Cloud computing has brought new possibilities and challenges to ISVs like my company. It has also brought along a lot of seemingly difficult questions that has no direct answers. However, for anyone looking at the possibility of investing its future on new technologies, a lot of questions needed some answers.
In this blog, I have come up with a list of concerns, cases, and questions that would usually be essential when choosing the right decision. To make things a lot clearer, I would probably use a real world example based from my own circumstances to weigh things down between competing platforms that are all worth exploring.
In my last cloud computing related blog (https://totogamboa.com/2010/12/11/my-first-shot-at-sharding-databases/), I mentioned one of my company’s products that is being considered going beyond the usual realm of on-premise applications. In this blog, I continue to explore new possibilities for this application as we enter a new era of cloud computing.
The obvious question for our company now is where to go from here as far as our library system is concerned.
I have with me several platforms to choose. All is begging to be explored further, all is wanting attention, to be leveraged, used and abused. Since our library system is heavily glued to Microsoft technologies, my shortlist would naturally explore the several platforms where Microsoft technologies claim market and mindshare dominance.
- On-Premise. Microsoft boast a powerful array of on-premise technologies that anyone can take advantage of and have their products comfortably sit on. I’d say that I would be looking up for a typical setup of Windows Server, Internet Information Services/ASP.NET, and SQL Server sitting in our client’s datacenter.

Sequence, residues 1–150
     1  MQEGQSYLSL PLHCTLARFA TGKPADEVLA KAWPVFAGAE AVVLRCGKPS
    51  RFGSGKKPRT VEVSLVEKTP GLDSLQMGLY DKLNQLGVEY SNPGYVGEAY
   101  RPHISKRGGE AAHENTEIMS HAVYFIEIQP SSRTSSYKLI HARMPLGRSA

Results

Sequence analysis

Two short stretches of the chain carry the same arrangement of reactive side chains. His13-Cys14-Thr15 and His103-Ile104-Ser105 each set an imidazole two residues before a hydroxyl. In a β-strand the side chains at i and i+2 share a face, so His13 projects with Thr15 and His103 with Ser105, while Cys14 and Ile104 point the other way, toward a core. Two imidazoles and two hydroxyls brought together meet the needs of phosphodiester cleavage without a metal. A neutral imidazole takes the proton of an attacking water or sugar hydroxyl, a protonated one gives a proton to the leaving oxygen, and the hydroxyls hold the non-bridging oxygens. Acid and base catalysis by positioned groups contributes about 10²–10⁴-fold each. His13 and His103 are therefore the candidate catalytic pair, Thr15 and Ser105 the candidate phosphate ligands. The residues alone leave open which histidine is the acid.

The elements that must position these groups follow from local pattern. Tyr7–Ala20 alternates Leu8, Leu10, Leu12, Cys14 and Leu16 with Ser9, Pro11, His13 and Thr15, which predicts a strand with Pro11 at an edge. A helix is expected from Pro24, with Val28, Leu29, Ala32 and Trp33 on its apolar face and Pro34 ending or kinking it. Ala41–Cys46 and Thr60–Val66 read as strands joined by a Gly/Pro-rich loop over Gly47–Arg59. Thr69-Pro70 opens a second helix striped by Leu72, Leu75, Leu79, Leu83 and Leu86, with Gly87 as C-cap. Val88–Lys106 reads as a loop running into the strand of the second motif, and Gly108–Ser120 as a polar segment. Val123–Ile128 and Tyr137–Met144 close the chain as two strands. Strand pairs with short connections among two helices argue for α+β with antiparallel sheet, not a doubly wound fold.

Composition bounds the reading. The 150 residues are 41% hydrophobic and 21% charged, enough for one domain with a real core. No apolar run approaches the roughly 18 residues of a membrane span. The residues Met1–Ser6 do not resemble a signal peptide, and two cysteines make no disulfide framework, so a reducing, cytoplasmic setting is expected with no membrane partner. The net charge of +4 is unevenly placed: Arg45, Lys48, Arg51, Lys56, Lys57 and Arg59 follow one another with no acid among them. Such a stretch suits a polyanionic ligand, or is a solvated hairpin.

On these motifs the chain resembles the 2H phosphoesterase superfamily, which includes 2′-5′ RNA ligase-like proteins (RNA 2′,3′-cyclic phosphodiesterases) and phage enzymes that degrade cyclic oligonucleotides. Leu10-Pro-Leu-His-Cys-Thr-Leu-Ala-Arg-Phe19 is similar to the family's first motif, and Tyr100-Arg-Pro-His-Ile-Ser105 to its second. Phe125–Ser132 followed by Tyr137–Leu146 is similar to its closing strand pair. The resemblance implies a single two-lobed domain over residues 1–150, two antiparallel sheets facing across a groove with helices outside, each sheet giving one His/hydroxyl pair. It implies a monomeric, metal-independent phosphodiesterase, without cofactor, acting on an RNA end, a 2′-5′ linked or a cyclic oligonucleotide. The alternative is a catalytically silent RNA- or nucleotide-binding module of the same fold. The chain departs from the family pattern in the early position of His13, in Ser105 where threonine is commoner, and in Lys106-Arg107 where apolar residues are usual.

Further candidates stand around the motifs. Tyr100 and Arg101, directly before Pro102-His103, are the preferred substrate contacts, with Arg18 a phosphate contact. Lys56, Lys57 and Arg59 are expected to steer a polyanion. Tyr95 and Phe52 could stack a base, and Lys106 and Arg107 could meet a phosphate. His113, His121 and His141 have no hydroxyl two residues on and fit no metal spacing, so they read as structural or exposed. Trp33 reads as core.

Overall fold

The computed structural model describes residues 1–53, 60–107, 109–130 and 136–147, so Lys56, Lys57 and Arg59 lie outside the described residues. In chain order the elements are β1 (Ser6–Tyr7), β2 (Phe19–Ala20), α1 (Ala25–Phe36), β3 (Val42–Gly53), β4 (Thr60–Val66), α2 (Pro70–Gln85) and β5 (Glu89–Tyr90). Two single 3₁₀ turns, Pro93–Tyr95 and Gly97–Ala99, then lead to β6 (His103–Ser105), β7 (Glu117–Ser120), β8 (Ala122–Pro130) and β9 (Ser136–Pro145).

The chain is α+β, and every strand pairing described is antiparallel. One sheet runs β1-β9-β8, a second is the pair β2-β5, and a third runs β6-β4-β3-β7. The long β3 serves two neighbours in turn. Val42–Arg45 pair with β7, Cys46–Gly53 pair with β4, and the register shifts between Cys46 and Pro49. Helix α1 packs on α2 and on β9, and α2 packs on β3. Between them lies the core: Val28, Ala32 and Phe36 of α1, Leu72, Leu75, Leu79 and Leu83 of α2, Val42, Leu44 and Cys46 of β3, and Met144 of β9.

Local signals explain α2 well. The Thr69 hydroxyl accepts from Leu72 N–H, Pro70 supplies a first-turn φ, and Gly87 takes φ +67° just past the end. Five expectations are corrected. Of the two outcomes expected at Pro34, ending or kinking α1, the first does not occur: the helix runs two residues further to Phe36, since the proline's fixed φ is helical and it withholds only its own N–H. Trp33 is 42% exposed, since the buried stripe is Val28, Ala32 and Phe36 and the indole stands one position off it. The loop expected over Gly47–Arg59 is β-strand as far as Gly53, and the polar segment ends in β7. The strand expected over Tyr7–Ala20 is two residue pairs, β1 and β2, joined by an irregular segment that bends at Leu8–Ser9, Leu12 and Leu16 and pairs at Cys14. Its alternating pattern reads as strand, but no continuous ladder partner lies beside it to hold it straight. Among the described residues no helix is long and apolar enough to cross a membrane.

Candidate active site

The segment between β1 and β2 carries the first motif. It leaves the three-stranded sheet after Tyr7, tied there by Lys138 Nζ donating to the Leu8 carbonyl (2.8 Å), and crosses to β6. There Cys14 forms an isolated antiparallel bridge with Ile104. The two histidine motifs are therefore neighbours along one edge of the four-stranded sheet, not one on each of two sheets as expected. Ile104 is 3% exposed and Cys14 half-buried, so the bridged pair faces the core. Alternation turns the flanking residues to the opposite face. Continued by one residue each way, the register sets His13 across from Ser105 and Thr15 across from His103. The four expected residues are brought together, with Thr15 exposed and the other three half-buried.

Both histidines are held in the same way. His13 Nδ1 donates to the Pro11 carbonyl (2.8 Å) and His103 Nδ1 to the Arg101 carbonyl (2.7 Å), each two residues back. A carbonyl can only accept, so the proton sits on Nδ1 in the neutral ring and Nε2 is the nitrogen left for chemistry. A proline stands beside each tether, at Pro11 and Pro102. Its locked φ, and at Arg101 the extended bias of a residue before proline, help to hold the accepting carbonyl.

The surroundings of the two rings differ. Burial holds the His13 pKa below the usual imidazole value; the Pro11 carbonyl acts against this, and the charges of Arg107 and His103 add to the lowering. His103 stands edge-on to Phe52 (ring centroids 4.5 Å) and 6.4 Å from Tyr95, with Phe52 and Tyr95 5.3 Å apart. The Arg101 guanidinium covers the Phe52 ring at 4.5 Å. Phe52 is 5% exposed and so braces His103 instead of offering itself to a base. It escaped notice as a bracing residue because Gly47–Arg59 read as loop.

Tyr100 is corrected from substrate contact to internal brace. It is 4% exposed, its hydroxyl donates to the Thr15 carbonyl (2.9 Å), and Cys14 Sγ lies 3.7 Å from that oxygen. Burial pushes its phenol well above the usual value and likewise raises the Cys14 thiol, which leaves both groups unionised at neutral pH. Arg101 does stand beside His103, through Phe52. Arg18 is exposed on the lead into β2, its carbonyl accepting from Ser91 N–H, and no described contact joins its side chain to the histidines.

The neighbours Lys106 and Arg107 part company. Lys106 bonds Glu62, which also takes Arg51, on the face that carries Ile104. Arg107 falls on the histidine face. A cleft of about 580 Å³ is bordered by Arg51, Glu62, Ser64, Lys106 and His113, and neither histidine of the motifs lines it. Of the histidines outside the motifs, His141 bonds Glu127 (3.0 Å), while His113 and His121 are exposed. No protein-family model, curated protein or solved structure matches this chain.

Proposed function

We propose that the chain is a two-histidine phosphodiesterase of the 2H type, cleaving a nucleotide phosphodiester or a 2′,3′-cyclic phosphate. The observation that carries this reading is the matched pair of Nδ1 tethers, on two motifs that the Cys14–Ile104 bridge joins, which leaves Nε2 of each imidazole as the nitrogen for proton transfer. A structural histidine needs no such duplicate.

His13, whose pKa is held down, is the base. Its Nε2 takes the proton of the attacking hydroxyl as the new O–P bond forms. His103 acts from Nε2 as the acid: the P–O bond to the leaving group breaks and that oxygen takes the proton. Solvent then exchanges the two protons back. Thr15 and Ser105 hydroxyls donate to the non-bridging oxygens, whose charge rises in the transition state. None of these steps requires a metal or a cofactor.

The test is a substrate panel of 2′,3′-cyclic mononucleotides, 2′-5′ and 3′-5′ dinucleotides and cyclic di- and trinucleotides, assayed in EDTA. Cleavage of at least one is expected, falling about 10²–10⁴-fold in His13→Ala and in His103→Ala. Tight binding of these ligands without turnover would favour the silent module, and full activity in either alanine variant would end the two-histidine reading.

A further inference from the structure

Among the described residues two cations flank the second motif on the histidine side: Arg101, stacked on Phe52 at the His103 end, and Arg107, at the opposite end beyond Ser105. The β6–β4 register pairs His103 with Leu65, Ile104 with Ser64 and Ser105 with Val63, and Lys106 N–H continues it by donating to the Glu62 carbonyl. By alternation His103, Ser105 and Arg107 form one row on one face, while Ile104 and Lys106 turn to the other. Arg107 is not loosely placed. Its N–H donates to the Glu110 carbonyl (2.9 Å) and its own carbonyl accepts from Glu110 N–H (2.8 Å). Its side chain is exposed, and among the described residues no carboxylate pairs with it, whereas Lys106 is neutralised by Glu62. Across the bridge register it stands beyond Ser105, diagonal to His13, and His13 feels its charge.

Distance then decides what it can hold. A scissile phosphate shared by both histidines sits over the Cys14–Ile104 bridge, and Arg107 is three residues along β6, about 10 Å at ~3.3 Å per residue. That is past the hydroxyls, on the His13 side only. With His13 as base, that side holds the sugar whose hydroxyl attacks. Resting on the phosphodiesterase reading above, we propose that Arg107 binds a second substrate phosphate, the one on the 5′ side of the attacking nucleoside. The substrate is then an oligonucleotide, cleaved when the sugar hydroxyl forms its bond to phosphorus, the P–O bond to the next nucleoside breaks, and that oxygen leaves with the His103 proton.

- Hosted. Microsoft also has proven strongly that their technologies can be set to serve as hosts over the Internet. This can be proven by the large number of providers of hosting sites that offer Microsoft technologies. Hosting providers typically offer the same set of technologies one can setup on-premise. Typical setup would be Windows Server, Internet Information Services/ASP.NET, and SQL Server hosted in the provider’s datacenters.
- Azure. The relatively new kid on the block is the stack of Microsoft technologies designed mainly as services over the Internet. The stack is composed of Azure technologies and the entirety is touted to be the platform of the future. The new setup includes Windows Azure, a web role type supporting IIS/ASP.NET, and SQL Azure. All these are managed by Microsoft and situated in their humungous datacenters scattered around the globe.
Picking a choice isn’t always easy, especially when matters discussing the right software solution for an individual’s case. But I would like to attempt to see where I would go from here as far as our library system go. With today’s options and the complexity that comes along with each at our disposal, things, like getting a sound technology decisions, are harder to come by than before.
In this exercise, I prepared important points that need to be clarified to come up with the right, if not better solution. Do take note though that I am not generalizing here by just focusing on technologies that Microsoft provides out there. Remember I am working on answers based only on my circumstances and published specifications pulled from the web.